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A letter from Boniface (732-54)

Sender

Receiver

Translated letter: 

To his venerable and much beloved sister, Bugga, Boniface called also Winfred sends heartfelt greetings in the love of Christ.
Since we have so long been separated, beloved sister, through the fear of Christ and my love of wandering, by a wide space of land and sea, I have learned from many reports of the storms of troubles which with God's permission have befallen you in your old age. I have deeply regretted that after you had thrown off the pressing cares of monastic rule in your desire for a life of contemplation, still more insistent and more weighty troubles have come upon you.
And so now, my revered sister, in sympathy with your misfortunes and mindful of your kindnesses to me and of our ancient friendship, I am sending you a brotherly letter of comfort and exhortation. Remember that word of the Truth: "Possess your souls in patience," and the saying of Solomon the Wise, "Whom the Lord loveth he chasteneth and every son in whom he delighteth." Also the word of the Psalmist, "Many are the afflictions of the righteous, but the Lord delivereth him out of them all"; and elsewhere, "The sacrifices of God are a broken spirit; a broken and a contrite heart, O God, thou wilt not despise." And remember the saying of the Apostle: "Through much tribulation we must enter into the kingdom of God." And again: "Let us rejoice in our tribulations, knowing that tribulation worketh patience; and patience, probation; and probation, hope; and hope putteth not to shame."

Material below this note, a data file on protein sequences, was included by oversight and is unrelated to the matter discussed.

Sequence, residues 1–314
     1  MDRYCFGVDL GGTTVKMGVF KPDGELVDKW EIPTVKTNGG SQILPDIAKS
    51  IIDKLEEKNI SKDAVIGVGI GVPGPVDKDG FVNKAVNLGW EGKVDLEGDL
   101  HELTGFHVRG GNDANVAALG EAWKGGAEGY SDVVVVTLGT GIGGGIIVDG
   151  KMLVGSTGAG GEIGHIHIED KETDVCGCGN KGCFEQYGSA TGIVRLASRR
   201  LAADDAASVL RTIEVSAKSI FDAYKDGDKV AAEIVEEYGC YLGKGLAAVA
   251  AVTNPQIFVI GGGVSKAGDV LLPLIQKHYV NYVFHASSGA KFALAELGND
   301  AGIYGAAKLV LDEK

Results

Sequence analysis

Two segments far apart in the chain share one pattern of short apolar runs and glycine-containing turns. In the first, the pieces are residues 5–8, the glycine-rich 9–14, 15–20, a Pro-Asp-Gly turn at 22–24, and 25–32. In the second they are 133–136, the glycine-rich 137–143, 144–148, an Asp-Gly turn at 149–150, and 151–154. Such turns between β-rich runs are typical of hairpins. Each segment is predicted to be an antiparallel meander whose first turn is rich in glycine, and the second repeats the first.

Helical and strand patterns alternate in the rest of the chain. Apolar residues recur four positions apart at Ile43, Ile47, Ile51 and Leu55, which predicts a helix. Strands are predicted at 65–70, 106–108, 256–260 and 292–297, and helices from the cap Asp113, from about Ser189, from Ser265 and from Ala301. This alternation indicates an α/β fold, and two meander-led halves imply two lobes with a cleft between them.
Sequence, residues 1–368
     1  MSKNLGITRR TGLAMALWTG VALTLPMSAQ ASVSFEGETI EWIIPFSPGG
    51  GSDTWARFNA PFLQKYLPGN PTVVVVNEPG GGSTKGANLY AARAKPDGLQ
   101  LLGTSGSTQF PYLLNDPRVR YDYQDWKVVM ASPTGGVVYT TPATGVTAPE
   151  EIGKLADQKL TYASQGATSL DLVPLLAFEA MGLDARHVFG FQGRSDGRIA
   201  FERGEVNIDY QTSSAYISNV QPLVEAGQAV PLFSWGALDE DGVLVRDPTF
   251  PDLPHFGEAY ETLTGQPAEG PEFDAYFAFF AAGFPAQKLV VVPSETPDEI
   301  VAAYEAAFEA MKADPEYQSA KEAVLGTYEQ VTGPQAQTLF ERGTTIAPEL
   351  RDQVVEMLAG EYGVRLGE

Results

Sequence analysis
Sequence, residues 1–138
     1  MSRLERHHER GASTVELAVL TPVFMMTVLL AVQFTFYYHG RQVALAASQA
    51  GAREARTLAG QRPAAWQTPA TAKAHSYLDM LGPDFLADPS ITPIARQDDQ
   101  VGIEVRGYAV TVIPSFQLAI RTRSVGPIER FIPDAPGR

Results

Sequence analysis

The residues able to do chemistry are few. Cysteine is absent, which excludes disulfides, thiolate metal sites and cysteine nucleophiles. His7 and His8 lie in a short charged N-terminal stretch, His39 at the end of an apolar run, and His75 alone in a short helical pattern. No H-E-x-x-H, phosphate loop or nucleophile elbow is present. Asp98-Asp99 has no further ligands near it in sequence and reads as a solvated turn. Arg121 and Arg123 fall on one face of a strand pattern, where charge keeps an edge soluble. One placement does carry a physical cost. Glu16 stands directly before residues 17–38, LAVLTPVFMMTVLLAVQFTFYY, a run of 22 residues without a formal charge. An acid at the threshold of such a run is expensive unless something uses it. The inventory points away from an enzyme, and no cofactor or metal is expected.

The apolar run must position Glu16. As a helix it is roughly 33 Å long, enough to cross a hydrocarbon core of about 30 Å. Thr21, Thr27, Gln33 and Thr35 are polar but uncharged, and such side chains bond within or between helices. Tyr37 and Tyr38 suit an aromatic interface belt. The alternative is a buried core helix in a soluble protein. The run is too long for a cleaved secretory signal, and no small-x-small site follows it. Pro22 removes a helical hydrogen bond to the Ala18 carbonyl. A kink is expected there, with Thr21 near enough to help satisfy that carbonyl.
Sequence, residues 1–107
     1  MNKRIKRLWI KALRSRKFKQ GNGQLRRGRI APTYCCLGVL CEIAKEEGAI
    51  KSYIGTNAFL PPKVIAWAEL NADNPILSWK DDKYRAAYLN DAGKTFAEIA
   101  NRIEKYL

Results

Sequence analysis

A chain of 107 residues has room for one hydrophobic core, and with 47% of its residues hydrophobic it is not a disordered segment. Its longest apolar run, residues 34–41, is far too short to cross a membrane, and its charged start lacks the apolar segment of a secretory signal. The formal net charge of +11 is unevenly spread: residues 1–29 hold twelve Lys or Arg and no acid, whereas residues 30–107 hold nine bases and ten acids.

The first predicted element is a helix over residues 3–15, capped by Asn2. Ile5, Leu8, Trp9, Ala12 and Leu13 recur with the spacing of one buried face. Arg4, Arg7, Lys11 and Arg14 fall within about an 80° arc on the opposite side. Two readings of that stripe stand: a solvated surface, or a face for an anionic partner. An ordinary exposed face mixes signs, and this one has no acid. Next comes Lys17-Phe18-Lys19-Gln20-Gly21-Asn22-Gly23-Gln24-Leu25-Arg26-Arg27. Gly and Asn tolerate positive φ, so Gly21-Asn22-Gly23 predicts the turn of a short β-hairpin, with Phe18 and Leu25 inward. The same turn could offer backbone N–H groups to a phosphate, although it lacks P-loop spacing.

In that hope, beloved sister, rejoice and be glad always, for you shall not be put to shame. Scorn earthly trials with your whole soul; for all soldiers of Christ of either sex have despised temporal troubles and tempests and have held the frailties of this world as naught — witness the word of St. Paul: "When I am weak, then am I strong." And again: "Who shall separate us from the love of Christ? shall tribulation?" and so forth to "him that loved us." The same Father and lover of your virgin purity who called you to Himself with the voice of fatherly love in your early youth, saying in the words of the Prophet: "Hearken, O daughter, and consider and incline thine ear; forget also thine own people and thy father's house; for the king has desired thy beauty," He it is who now, in your old age desires to adorn the beauty of your soul with labor and sorrow.
Do you then, beloved, rejoicing in the hope of a heavenly fatherland, hold the shield of faith and patience against all adversity of mind or body. With the help of your bridegroom Christ carry through in your beautiful old age to the glory of God the building of that Gospel tower begun in your early youth, so that at the coming of Christ you may be found worthy to meet Him among the wise virgins, bearing a lamp with the oil burning.
Meanwhile I pray earnestly that you will remember your ancient promise to pray for me that the Lord, who is the Redeemer and Savior of us all, may rescue my soul from its manifold perils to my spiritual advantage.
Farewell in Christ.

Original letter: 

Venerande ac dilectissime sorori Buggan Bonifatius, qui et Wynfrethus, servus servorum Dei optabilem in Christo caritatis salutem.